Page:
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Smollett appeals conviction for staging a hate crime

Jussie Smollett’s legal battle continues as the former “Empire” actor appeals his conviction for staging a hate crime in January 2019. Smollett, who is black and gay, was found guilty of five counts of disorderly conduct for filing false police reports in connection with the alleged attack in Chicago.

Smollett’s legal team filed a notice of appeal on Monday, March 7, with the Illinois Appellate Court. The appeal argues that the evidence presented during Smollett’s trial did not prove beyond a reasonable doubt that he was guilty of the charges.

“Mr. Smollett has consistently maintained his innocence and has always said he was a victim of a hate crime,” his attorney, Nenye Uche, said in a statement. “We look forward to presenting a full and complete record of the proceedings to the appellate court and have no doubt that the court will find that the trial court’s findings were not supported by the evidence.”

During the trial, Smollett was accused of hiring two acquaintances to stage an attack on him in which they yelled racial and homophobic slurs, poured bleach on him, and placed a noose around his neck. He claimed that the attackers were white Trump supporters. The police, however, soon found evidence that Smollett had orchestrated the attack himself.

Smollett was initially indicted on 16 counts of disorderly conduct, but the charges were later dropped by the Cook County State’s Attorney’s Office in March 2019. However, a special prosecutor appointed by a judge later brought renewed charges against Smollett in February 2020.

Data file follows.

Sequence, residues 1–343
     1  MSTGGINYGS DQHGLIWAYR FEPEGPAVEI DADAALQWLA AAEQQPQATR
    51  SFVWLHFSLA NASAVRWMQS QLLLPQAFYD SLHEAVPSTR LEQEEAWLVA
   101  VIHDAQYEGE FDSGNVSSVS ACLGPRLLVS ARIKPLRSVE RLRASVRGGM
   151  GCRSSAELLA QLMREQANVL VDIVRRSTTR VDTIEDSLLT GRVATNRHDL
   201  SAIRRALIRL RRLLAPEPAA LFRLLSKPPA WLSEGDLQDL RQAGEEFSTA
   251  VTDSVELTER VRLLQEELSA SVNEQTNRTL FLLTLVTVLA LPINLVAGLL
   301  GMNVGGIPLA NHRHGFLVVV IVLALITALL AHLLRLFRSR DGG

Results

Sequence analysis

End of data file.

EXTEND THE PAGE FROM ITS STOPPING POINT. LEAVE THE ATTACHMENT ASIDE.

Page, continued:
In December 2021, a jury found Smollett guilty on all counts, and he was subsequently sentenced to probation and ordered to pay restitution to the city of Chicago.

The case has garnered significant attention and controversy, with many supporters of Smollett believing that he was unfairly targeted due to his race and sexual orientation. However, the Chicago Police Department and other critics have accused Smollett of wasting police resources and damaging the credibility of genuine victims of hate crimes.

The appeal process could take several months, and it remains to be seen whether Smollett will be successful in overturning his conviction. In the meantime, he continues to maintain his innocence and receive support from some corners of the LGBTQ+ community.

“As a community, we must support those who are the targets of hate and violence, regardless of the circumstances,” said Rea Carey, executive director of the National LGBTQ Task Force, in a statement after Smollett’s conviction. “We cannot allow the failure of one person to diminish our collective commitment to seeking justice for all victims of hate violence.”

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